Our study has some limitations. Firstly, this research was a single-center retrospective study based on the patients with a small sample size which was unable to support subgroup analyses according to the age, BMI, prostate size, or injury time. This definitely decreased the applicability of our parameters. In future research, by increasing the participating centers and subjects, the confounding factors can be validated and excluded. Secondly, we did not include a cost-benefit analysis. In China, the cost of a dynamic contrast-enhanced MR urethrography is usually less than 150 US dollars which is not an unacceptable price. However, in other countries and regions, the cost is high, which may limit its application. Therefore, the comparison between these two modalities of pre-surgical interventions, such as MR urethrography and urethrogram based on their cost-effects in implementation, needs future research. Despite these limitations, our study provided important supports for the posterior urethral reconstruction. On the one hand, our findings revealed the potential application value of MR urethrography in PFUI patients and showed a practical method in combining imageology and geometry. On the other hand, it helped the urologists to make forecasting of the anastomotic urethroplasty and fully inform the patients of the probable surgical difficulties and risks.
Combined with geometry, MR urethrography showed significant correlation with the implementation of accurate surgical approaches of PFUI. Longer GD and shorter PUVD were the two independent factors of inferior pubectomy. In addition, among the patients with a history of rectal injury, the protection of the rectum from intraoperative damage during surgical intervention is mandatory and needs strict measures for management.
Funding: This work was supported by the Open Research Fund from Shanghai Key Laboratory of Forensic Medicine (KF 1915).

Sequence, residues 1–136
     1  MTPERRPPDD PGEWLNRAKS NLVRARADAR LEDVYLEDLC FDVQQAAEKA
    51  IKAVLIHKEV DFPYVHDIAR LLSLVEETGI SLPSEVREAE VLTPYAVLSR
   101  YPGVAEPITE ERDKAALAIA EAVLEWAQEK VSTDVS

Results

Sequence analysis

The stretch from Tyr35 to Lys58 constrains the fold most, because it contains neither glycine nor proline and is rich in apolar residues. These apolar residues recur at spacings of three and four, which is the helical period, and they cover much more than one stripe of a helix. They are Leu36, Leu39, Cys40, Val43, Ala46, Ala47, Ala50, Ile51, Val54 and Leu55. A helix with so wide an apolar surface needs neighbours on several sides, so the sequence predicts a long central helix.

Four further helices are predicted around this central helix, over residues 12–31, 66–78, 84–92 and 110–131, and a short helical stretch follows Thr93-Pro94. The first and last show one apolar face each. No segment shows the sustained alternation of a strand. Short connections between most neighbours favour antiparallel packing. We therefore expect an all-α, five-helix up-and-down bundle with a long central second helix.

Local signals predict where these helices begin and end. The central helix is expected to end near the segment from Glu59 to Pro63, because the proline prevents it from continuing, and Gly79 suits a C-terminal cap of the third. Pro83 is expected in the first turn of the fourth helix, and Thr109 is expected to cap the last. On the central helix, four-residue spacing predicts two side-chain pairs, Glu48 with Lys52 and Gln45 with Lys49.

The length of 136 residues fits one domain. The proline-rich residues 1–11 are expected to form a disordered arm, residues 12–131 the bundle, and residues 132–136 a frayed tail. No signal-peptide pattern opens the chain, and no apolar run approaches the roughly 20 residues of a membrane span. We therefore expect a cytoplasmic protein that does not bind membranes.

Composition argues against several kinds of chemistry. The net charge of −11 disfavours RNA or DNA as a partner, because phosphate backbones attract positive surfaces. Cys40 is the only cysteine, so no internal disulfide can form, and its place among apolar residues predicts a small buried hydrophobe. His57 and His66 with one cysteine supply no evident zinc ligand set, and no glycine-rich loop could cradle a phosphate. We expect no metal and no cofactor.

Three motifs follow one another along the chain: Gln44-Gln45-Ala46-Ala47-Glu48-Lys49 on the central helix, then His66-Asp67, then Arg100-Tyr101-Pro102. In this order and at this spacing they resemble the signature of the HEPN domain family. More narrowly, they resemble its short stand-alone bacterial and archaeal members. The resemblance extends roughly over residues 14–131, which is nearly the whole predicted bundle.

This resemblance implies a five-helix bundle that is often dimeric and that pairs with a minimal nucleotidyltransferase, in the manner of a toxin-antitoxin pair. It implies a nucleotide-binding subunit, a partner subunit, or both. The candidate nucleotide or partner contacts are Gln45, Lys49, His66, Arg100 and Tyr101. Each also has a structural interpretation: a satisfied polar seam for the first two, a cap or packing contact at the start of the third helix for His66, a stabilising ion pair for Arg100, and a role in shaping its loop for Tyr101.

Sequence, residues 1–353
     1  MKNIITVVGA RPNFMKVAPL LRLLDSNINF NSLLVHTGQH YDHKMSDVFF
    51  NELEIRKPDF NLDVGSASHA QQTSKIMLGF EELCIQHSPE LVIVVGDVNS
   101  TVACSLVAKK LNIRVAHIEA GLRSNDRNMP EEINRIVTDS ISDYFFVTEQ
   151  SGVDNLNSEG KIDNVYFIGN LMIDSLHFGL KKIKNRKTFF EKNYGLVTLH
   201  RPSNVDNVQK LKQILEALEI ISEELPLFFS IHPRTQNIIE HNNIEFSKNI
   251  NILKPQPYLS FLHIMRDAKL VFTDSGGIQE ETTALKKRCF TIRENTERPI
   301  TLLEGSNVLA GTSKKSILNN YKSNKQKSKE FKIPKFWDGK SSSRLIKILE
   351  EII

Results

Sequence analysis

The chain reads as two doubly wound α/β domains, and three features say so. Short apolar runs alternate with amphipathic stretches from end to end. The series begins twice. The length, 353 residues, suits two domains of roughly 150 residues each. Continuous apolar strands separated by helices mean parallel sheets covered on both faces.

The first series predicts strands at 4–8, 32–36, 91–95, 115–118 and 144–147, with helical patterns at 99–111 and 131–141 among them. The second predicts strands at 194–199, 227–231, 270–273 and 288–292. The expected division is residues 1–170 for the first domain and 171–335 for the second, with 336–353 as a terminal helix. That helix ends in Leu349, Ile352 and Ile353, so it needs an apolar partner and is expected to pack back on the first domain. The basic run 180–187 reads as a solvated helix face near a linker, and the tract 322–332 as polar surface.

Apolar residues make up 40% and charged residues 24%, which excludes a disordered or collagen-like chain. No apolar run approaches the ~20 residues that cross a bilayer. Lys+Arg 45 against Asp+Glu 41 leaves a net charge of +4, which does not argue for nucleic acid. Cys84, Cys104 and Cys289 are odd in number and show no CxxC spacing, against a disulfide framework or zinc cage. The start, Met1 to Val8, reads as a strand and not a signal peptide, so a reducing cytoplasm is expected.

Reporting Checklist: The authors have completed the STROBE reporting checklist. Available at http://dx.doi.org/10.21037/tau-20-1064
Data Sharing Statement: Available at http://dx.doi.org/10.21037/tau-20-1064
Peer Review File: Available at http://dx.doi.org/10.21037/tau-20-1064
Conflicts of Interest: All authors have completed the ICMJE uniform disclosure form (available at http://dx.doi.org/10.21037/tau-20-1064). The authors have no conflicts of interest to declare.
Ethical Statement: The authors are accountable for all aspects of the work in ensuring that questions related to the accuracy or integrity of any part of the work are appropriately investigated and resolved. The study was conducted in accordance with the Declaration of Helsinki (as revised in 2013). The study was approved by the ethics committee of Shanghai Jiao Tong University Affiliated Sixth People’s Hospital (Ethic batch number: 2020-KY-007) and individual consent for this retrospective analysis was waived.
Open Access Statement: This is an Open Access article distributed in accordance with the Creative Commons Attribution-NonCommercial-NoDerivs 4.0 International License (CC BY-NC-ND 4.0), which permits the non-commercial replication and distribution of the article with the strict proviso that no changes or edits are made and the original work is properly cited (including links to both the formal publication through the relevant DOI and the license). See: https://creativecommons.org/licenses/by-nc-nd/4.0/.